I thought I held a fruit cupped in my hand.
Its sweetness burst
And loosed its juice. After long traveling,
After so long a thirst,
I asked myself: Is this a drought-born dream?
It was no dream.
I thought I slipped into a hidden room
Out of harsh light.
In cushioned dark, among rich furnishings,
There I restored my sight.
Such luxury could never be for me!
It was for me.
I thought I touched a mind that fitted mine
As bodies fit,
Angle to curve; and my mind throbbed to feel
The pulsing of that wit.
This comes too late, I said. It can’t be true!
But it was true.
I thought the desert ended, and I felt
The fountains leap.
Then gratitude could answer gratitude
Till sleep entwined with sleep.
Despair once cried: No passion’s left inside!
It lied. It lied.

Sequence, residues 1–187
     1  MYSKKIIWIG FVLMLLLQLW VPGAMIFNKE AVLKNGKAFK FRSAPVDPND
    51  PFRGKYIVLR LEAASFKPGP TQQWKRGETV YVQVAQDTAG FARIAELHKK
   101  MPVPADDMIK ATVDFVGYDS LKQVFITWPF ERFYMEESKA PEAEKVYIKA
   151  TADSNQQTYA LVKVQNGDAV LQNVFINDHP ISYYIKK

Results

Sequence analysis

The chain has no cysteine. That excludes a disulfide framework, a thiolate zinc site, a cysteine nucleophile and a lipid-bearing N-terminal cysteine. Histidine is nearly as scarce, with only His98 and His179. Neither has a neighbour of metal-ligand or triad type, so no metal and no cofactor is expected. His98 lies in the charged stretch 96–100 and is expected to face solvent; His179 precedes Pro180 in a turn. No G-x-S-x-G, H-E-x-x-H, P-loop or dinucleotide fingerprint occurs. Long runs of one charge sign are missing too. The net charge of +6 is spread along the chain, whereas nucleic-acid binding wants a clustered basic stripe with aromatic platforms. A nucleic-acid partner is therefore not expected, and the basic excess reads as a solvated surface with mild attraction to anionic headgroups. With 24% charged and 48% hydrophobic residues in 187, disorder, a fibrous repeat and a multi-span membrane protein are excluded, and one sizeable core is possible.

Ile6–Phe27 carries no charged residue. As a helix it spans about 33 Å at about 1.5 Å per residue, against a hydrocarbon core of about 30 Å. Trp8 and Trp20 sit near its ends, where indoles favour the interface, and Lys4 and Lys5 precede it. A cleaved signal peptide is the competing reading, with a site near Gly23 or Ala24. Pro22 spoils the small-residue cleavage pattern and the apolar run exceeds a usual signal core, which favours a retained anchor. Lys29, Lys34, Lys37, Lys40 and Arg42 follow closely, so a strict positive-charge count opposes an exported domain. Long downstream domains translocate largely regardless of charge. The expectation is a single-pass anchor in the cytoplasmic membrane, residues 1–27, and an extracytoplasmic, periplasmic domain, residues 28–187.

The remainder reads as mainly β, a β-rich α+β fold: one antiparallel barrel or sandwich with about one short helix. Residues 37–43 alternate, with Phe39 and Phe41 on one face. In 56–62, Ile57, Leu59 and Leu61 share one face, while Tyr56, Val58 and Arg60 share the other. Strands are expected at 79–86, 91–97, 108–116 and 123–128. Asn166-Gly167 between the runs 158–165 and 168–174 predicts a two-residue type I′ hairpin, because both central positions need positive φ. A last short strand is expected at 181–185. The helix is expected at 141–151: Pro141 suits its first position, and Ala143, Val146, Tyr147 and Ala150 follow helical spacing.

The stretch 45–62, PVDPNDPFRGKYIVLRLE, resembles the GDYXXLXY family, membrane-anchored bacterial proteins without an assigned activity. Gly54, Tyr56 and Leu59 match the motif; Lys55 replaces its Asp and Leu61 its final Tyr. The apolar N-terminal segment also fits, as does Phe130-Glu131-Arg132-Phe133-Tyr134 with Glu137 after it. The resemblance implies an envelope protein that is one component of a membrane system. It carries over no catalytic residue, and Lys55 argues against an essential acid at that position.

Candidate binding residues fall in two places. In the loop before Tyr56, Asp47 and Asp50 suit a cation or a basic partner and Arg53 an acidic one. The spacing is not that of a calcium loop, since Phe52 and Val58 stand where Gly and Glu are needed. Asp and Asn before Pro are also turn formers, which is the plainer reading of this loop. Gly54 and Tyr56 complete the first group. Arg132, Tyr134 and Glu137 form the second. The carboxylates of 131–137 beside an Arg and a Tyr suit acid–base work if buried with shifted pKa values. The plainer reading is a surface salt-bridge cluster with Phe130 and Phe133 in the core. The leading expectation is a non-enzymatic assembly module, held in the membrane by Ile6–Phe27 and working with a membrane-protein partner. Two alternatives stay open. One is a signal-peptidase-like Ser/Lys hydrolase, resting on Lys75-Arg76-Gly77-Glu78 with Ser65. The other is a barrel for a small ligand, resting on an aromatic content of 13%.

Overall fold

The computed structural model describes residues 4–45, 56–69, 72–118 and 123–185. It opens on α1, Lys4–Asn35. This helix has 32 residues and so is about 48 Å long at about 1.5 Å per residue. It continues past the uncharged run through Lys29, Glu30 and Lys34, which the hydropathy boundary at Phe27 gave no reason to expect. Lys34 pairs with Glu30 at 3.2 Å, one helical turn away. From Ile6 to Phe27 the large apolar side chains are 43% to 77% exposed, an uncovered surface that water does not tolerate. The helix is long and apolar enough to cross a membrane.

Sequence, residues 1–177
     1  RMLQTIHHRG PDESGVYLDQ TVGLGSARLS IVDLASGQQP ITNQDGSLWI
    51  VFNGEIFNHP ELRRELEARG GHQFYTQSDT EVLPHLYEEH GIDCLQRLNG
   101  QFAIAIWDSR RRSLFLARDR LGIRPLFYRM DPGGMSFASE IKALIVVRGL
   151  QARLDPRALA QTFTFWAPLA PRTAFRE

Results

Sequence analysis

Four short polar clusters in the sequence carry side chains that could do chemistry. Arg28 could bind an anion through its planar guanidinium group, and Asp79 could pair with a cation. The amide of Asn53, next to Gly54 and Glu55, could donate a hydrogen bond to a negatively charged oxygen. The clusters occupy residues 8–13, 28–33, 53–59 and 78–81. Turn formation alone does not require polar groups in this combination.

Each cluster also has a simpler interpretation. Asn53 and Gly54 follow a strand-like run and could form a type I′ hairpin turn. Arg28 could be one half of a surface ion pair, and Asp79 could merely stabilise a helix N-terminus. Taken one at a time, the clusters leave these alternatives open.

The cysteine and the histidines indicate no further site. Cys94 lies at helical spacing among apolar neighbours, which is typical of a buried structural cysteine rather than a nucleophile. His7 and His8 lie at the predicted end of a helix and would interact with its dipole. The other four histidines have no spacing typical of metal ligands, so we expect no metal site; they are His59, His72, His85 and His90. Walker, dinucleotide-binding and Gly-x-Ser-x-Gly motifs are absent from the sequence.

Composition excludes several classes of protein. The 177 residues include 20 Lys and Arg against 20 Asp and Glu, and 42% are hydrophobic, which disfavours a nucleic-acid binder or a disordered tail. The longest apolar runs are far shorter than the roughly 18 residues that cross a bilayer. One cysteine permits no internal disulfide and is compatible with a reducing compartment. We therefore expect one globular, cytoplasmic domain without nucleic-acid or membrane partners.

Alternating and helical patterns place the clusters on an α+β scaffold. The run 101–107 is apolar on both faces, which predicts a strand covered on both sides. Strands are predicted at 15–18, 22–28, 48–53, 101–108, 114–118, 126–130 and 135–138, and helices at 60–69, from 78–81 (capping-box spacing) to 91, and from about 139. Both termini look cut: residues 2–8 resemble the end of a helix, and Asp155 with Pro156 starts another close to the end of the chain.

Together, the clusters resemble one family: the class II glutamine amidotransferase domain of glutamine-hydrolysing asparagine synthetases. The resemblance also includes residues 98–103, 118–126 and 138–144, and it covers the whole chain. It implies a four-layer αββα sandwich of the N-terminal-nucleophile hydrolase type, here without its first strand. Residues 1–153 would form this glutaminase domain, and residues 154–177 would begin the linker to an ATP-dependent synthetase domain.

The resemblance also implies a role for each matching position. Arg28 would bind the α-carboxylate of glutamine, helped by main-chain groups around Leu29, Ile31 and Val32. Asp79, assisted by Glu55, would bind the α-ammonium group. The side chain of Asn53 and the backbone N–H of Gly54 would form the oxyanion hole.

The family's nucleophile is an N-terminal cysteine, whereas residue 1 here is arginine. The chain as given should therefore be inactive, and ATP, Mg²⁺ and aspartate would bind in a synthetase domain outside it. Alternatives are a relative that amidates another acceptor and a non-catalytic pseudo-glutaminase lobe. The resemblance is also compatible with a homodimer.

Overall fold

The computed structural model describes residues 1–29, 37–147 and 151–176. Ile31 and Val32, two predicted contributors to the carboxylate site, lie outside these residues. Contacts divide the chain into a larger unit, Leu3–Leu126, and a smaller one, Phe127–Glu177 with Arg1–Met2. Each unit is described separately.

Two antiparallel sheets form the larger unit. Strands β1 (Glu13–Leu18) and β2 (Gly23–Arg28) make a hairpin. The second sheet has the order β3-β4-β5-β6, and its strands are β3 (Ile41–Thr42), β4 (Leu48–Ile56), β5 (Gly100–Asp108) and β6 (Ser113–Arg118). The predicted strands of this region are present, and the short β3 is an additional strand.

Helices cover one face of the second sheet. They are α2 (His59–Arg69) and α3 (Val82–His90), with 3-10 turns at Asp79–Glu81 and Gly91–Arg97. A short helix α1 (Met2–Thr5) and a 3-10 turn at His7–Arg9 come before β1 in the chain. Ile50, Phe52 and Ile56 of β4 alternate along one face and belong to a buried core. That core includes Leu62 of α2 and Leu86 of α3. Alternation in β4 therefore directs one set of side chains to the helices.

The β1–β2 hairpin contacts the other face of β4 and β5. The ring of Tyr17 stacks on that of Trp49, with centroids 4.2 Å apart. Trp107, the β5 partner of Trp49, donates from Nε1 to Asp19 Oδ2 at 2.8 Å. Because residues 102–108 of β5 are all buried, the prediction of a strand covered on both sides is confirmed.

Naomi Replansky was born in the Bronx, New York, in 1918. Ring Song (Scribner, 1952) was a finalist for the National Book Award in poetry. The Dangerous World: New and Selected Poems, 1934-1994, was published by Another Chicago Press in 1994. Her Collected Poems (Godine/Black Sparrow, 2012) won the William Carlos Williams award of the Poetry Society of America and was a finalist for Poets’ Prize. She lives in New York; her partner is the writer Eva Kollisch. “The Oasis” was published in Replansky's Collected Poems.